Exposed expenses hide a darker truth

College heads’ personal expenses are shocking, but the real problem is transparency

The parliamentary expenses scandal of 2009 led to new standards of transparency and accountability in public life and demonstrated that the public will not tolerate blatant misuse of funds and cronyism.

Almost ten years on, it seems that Oxford has yet to learn this lesson. Last week, Freedom of Information requests sent by Cherwell revealed exorbitant expenses claimed by college heads. Even worse, over half of colleges contacted failed to give detailed breakdowns of expenses despite their legal obligation to do so.

Even the shamefully incomplete responses from colleges hint at possible scandal without further details. Take, for instance, the former warden of New College, Sir Curtis Price. Last year, he claimed a whopping £1200 from New College from his exploits at the Knickerbocker Club, a highly secretive New York gentlemen’s club, and the private member’s club, Soho House Chicago in a matter of days. It’s hard to think of a reasonable explanation for such use of college funds, and somewhat predictably both New College and Sir Curtis Price have declined to comment. As a bare minimum, expense claims must be open to scrutiny and accountable to college members to prevent questionable use or indeed misuse of college funds.

I don’t mean to suggest that expenses are never justifiable. Some expenses claims are certainly legitimate; for instance, college staff members ought to be reimbursed for travel or accommodation costs, incurred whilst doing their job. Rather than screaming blue murder at the sight of any large expense claim, we must use our common sense to evaluate the reasonableness of such claims. For example, consider the fact that St Edmund Hall’s Principal Keith Gull claimed almost £500 on presents and gifts in 2015. Without any context, this claim seems to drift into questionable territory and raises the ugly possibility that the Principal could be siphoning off college money for his own gain.

However, it would be extremely unfair to jump to this conclusion, as Mr Gull clarified to Cherwell that this money was spent on Christmas presents for the entirety of the college staff. Of course, it can be debated whether £500 was too much (or perhaps even too little) to spend on this annual gesture funded by the college given the number of staff involved, but the point is that we should not be too quick to judge.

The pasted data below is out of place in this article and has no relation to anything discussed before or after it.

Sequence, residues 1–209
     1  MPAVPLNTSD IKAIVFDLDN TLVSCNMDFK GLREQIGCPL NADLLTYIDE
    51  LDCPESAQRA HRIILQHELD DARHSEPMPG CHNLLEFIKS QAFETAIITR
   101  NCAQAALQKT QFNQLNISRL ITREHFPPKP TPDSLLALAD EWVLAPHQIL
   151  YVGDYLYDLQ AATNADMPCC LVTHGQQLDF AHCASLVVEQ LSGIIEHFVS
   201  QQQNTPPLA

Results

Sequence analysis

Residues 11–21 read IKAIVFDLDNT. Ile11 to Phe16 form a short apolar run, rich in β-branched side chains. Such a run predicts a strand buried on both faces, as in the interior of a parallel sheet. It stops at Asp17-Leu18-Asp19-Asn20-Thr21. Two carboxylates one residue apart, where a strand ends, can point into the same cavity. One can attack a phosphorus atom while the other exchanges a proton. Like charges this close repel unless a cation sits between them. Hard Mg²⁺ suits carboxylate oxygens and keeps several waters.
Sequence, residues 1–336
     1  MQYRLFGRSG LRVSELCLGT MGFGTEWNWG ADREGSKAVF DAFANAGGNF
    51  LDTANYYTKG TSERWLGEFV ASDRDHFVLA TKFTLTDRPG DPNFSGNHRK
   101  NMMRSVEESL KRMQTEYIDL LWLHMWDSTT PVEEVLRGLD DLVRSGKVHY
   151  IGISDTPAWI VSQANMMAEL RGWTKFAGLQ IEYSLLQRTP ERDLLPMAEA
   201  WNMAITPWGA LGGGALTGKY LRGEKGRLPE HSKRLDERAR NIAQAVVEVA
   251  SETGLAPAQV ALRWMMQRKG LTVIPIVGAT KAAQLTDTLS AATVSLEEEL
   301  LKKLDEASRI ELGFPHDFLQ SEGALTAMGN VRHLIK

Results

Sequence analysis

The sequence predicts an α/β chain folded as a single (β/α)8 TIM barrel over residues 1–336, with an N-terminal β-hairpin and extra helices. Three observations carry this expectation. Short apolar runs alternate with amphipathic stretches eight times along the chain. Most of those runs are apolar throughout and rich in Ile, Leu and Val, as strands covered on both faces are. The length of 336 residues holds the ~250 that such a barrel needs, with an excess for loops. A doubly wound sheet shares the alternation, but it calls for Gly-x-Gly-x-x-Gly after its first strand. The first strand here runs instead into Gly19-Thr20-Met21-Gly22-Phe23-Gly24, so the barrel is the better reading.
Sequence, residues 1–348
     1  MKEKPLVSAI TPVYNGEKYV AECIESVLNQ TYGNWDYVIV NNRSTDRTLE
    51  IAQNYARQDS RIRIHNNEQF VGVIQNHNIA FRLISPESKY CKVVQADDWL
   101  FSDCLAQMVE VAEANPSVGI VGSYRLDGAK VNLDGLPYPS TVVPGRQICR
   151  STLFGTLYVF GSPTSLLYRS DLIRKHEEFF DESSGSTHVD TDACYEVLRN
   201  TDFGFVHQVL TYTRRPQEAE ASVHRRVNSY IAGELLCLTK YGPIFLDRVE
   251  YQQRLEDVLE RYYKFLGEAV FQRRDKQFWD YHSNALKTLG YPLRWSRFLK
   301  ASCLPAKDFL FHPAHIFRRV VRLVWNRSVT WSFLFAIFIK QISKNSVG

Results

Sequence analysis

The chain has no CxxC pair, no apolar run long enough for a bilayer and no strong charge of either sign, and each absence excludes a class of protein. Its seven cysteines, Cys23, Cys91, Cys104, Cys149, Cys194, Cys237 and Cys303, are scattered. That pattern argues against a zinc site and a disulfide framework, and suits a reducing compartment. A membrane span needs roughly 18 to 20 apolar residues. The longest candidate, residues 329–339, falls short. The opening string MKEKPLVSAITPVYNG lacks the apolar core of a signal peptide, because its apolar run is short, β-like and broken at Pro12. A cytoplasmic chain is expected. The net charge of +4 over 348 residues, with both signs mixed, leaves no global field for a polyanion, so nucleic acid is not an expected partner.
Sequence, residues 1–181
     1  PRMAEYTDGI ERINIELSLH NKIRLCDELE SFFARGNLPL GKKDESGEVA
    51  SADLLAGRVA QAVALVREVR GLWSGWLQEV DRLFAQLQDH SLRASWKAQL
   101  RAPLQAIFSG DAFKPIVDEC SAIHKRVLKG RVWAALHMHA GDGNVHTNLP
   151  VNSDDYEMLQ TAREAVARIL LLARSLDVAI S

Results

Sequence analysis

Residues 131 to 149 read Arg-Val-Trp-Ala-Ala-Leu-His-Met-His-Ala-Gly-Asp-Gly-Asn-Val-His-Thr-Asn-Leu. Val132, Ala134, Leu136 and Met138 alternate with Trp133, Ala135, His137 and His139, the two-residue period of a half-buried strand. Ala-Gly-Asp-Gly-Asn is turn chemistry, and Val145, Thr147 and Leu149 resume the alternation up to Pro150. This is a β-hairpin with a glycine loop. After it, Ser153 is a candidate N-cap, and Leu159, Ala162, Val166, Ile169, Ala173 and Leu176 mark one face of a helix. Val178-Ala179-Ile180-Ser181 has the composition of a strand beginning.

Nevertheless, colleges ought to be far more transparent with how they spend their money. As students, we have a right to know how our fees are being spent, which includes the right to be indignant at unjustifiably lavish expense claims. That’s why perhaps the most concerning result of Cherwell’s Freedom of Information requests is what they failed to reveal. Several colleges failed to respond to the requests entirely, whilst others refused to provide any breakdown of the annual expenses claimed. This is a big problem: with no accountability to students, alumni or the wider public, there is the potential for expenses to be excessive, used inappropriately, and open to fraud.

It is an unfortunate consequence of the collegiate system that the existence of multiple colleges fosters this opacity. Freedom of Information requests are less effective across so many colleges since each one responds to these requests with varying levels of detail (if they do respond at all). This lack of consistency means that the transparency of colleges varies widely. Not only is this unfair to students attending less transparent colleges, but this also means that it is more difficult to hold individual colleges to account. Instead of being able to petition the University as a whole to release vital records on past expense claims, students must petition their individual college.

Consequently, no mass student action can be taken to demand greater transparency, and individual colleges can continue to hide away their expense claims without fear of critique. Compare the situation at Oxford to that of other UK universities such as the Universities of Glasgow and Edinburgh, where Freedom of Information requests have resulted in the complete breakdown of the expenses of their vice chancellors right down to receipts for the purchase of a slice of cake and a bottle of water. This is the kind of transparency which Oxford colleges ought to provide, and it is a sorry state of affairs when less than half of the colleges actually do so.

Nevertheless, the student body should lead by example. At present, JCR accounts are often only scrutinised by students directly involved in JCR finances rather than the college student community at large. This is particularly lamentable given that the spending of JCR money is frequently determined by those few students who are interested enough to attend General Meetings, typically without consideration of budgets. As a result, JCR expenditure has the potential to be highly partisan and excessive, and so all JCRs should publicise a breakdown of their spending online to JCR members in the interests of transparency and accountability.

Ultimately, colleges must be more transparent with their use of college funds. Senior college staff should not claim expenses unless they are willing to publicly defend them. Having contributed to college funds ourselves, we have a right to know how college money is being spent and to judge for ourselves whether the expenses accrued are justified. Excessive expense claims are deplorable, but the current complete lack of transparency on behalf of many of the colleges is the true scandal.